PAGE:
UK inflation drops to 5%, still ahead of 2% target

UK Consumer Prices Index (CPI) inflation dropped to 5% in October, down from 5.2% the previous month, the country’s Office for National Statistics said.

The drop was bigger than expected, with markets pricing in a fall to 5.1%. Meanwhile RPI fell to 5.4%, from 5.6% in September.

The ONS said the largest downward pressures came from falls in the cost of food (due to significant and widespread discounting by supermarkets and good harvests for certain produce), air fares and petrol.

Partially offsetting these falls were upward pressures from increases in the cost of clothing, electricity and gas.

Last month the CPI index hit a record high of 5.2%, equalling the previous high set in September 2008. The Bank of England’s target rate for CPI is 2%.

Rates set by the October inflation figures include allowances and indexation for income tax, national insurance, inheritance tax, capital gains tax, disability and maternity benefits, income support and tax credits.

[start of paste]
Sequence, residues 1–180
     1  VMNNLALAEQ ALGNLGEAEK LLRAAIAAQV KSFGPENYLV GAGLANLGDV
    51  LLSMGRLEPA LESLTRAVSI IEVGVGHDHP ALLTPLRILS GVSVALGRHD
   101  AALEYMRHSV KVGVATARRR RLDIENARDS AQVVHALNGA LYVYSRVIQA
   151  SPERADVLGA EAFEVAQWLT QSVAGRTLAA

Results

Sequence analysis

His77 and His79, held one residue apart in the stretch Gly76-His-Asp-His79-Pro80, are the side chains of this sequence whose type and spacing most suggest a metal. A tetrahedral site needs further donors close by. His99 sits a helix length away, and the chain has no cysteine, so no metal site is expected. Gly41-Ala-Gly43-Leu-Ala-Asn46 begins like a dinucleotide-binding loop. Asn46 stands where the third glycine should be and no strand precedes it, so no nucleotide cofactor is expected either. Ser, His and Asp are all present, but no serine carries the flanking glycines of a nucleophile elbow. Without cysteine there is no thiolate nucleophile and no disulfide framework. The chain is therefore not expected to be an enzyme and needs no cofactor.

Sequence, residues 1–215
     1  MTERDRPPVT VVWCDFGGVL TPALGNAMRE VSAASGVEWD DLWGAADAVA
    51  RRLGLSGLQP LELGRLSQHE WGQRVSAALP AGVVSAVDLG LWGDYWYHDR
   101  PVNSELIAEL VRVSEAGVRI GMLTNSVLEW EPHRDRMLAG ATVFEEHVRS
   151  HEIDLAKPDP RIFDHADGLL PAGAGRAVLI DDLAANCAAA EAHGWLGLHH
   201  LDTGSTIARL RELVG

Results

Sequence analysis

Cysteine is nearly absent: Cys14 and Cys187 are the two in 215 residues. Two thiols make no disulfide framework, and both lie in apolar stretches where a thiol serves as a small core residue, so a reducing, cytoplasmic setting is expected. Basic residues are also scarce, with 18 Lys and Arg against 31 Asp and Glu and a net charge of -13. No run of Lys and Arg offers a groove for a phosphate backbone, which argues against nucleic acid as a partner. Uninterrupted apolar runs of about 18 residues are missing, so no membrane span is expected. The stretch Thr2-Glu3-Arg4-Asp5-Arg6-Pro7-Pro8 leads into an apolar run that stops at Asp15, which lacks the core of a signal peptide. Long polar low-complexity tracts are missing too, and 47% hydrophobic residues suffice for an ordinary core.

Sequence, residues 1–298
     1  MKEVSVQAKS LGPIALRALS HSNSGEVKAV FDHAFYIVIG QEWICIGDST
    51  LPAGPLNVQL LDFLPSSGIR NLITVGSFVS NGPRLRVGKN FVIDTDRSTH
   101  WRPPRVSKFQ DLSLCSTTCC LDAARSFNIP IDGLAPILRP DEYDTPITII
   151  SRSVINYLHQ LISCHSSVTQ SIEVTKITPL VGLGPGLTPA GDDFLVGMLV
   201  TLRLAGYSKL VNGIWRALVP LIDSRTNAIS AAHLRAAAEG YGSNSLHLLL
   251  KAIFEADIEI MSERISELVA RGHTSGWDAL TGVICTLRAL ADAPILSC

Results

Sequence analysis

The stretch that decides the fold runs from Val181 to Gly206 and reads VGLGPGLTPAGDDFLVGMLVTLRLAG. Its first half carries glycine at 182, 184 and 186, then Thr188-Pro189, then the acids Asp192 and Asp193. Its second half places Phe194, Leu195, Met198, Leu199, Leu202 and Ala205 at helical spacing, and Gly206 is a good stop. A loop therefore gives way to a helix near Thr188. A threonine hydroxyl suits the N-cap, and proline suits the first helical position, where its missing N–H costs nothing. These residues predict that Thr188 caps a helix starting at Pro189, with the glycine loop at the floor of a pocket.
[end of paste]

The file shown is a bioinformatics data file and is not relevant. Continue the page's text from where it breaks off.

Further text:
The increase has put further pressure on the UK minister responsible for the economy, chancellor George Osborne, who is battling to reduce the budget deficit, but will provide much-needed relief to those claiming welfare support who are struggling to cope with the rising prices of food and fuel.

The Bank of England had already said inflation will hit 5% this year as a result of higher utility bills, but expects price rises to slow in 2012 and 2013.

 

This article was first published on Investment Week

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